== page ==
Posted in Theraptucs Procedure | 17/11/2015
Policies were received from 65 (49 percent) of the 132 Indiana hospitals, 21 (44 percent) of the hospitals of greater than 500 beds, and 19 (34 percent) of those facilities with less than 275 beds. Thirty-seven (57 percent) of the responding Indiana hospitals use a general consent form, while 28 (43 percent) itemize specific procedures that require signed patient consent. Among the 21 responding large hospitals from outside Indiana, 11 (52 percent) use a general format while ten (48 percent) specify procedures. Data for the 19 smaller hospitals are similar with 11 (58 percent) incorporating a general guideline and eight (42 percent) itemizing procedures (Table 1). Therefore, of the 105 hospitals answering the survey, 59 (56 percent) use a general statement as the hospital policy directing when a formal signed approval from the patient is necessary. The remaining 46 (44 percent) itemize one or more specific diagnostic or therapeutic procedures…
Posted in Heart Failure | 16/11/2015
Ischemic heart disease is manifested as angina, myocardial infarction, arrhythmia and sudden death. However, asymptomatic ischemic heart disease is quite common, as evidenced by recent data from the cardiac care unit, exercise laboratory, and ambulatory ECG recordings. Furthermore, epidemiological studies reveal that painless myocardial infarction is a frequent occurrence.
Posted in Pulmonary Hypertension | 23/09/2015
Because vasodilator drugs have proved to be a useful approach to the management of patients with systemic hypertension and left ventricular failure, there has been great interest in their application in the treatment of patients with primary pulmonary hypertension. This therapeutic approach makes a number of assumptions that need to be critically evaluated: (1) pulmonary vasoconstriction plays an important role in a significant number of patients with primary pulmonary hypertension; (2) pulmonary vasoconstriction is pharmacologically responsive to drug therapy; (3) drugs can be developed that selectively antagonize this vasoconstrictor response; and (4) the benefits of drug therapy can be sustained for long periods with few adverse reactions.
Posted in Infarction | 04/09/2015
Table 1 displays the individual angiographic characteristics of the 27 patients. Twenty-two had total and five had subtotal occlusion of the circumflex or obtuse example of an ECG and vectorcardiogram is shown in Figures 1 and 2. The electrocardiographic analysis is shown in Table 2. The total QRS duration was within normal limits. Pathologic Q waves of 35 msec or more in lead aVF were present in six patients (22 percent). The R wave in lead Vj was equal to or greater than 40 msec in seven patients (26 percent) and in lead V2 was equal to or greater than 50 msec in five patients (19 percent). The amplitude of the R wave in lead Vx was equal to or greater than 0.5 mV in six patients (22 percent), and the mean R/S ratio in leads Vx and V2 was 0.66 and 1.45, respectively. In lead Vx the ratio was…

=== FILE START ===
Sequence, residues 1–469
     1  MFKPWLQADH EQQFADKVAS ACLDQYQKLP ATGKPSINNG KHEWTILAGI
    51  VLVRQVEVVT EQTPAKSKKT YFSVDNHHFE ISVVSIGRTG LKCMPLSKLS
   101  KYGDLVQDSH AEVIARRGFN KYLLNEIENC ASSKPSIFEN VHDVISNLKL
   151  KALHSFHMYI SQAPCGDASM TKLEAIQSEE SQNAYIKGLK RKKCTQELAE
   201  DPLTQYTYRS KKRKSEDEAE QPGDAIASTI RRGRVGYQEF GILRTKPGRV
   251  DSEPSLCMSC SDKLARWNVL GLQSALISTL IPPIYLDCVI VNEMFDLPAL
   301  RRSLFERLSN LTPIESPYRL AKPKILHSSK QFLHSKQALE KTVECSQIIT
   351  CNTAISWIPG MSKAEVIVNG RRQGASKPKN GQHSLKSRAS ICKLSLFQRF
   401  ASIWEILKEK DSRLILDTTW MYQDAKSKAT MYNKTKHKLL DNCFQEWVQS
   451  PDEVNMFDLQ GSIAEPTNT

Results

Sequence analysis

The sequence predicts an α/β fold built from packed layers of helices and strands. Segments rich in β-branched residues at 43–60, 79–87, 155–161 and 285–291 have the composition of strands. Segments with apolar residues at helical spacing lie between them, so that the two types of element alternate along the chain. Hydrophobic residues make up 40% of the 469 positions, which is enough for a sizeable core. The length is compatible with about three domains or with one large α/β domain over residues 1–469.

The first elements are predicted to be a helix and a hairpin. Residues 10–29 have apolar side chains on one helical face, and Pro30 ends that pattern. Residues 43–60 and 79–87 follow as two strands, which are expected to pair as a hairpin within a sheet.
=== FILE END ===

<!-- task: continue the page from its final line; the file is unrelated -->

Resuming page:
Posted in Carcinoma | 19/08/2015
As shown in Table 1, interstitial cell populations obtained using the method described herein were predominantly composed of alveolar macrophages, with substantial percentages of both lymphocytes and neutrophils. No increase in the percentage of lymphocytes was seen in the interstitial cell populations contiguous to tumor. Cytotoxity was 1.3 percent or less at all ET ratios for interstitial cell populations from all patients with cancer. To confirm previous reports that the cell separation procedures used do not hinder the detection of natural killer activity, evaluation of apparently normal lung was also performed. Cytotoxic cell responses of 9.3±1.6 and 14.8±0.3 were demonstrated in interstitial cell preparations from the two control cell populations at the lowest ET ratio (50:1). At the ET ratio of 50:1, cytotoxicity of peripheral blood mononuclear cells from 15 nonsmoking normal control subjects studied in our laboratory was 28 ± 35 percent.
Posted in Edema | 17/08/2015
The chest x-ray film of patient 10 who had ARDS following a prolonged surgical procedure is shown in Figure 1 with a subsequent film obtained a week later after he had recovered. The scintillation camera studies obtained at the time of these x-ray films are shown in Figure 2. The images represent the scintiscans obtained at the end of the loading period and seven minutes thereafter. The decline in radioactivity observed over six regions of interest for these two studies are shown in Figure 3. Note that the activity decreases more rapidly during the acute phase of the illness thanduring the recovery period.
Posted in Pulmonary Hypertension | 16/08/2015
VASODILAIAnON: ROLE OF ArACHIDONATE Metabolites There is accumulating evidence that products of the arachidonic acid cascade are involved in the control of the pulmonary circulation. Moncada and Vane suggested that the balance between thromboxane A (TXAJ, a potent vasoconstrictor, and prostacyclin (PGIJ, a potent vasodilator, may be more important than their absolute concentrations in regulating vascular tone. Recent studies emphasize the importance of the products of the lipoxygenase pathway of arachidonic acid, eg, leukotrienes, in modulating pulmonary vascular tone and in interacting with the cyclooxygenase pathway, ie, by inducing TXA release. Thus, it is possible that leukotrienes, to some extent, exert their actions via release of TXA.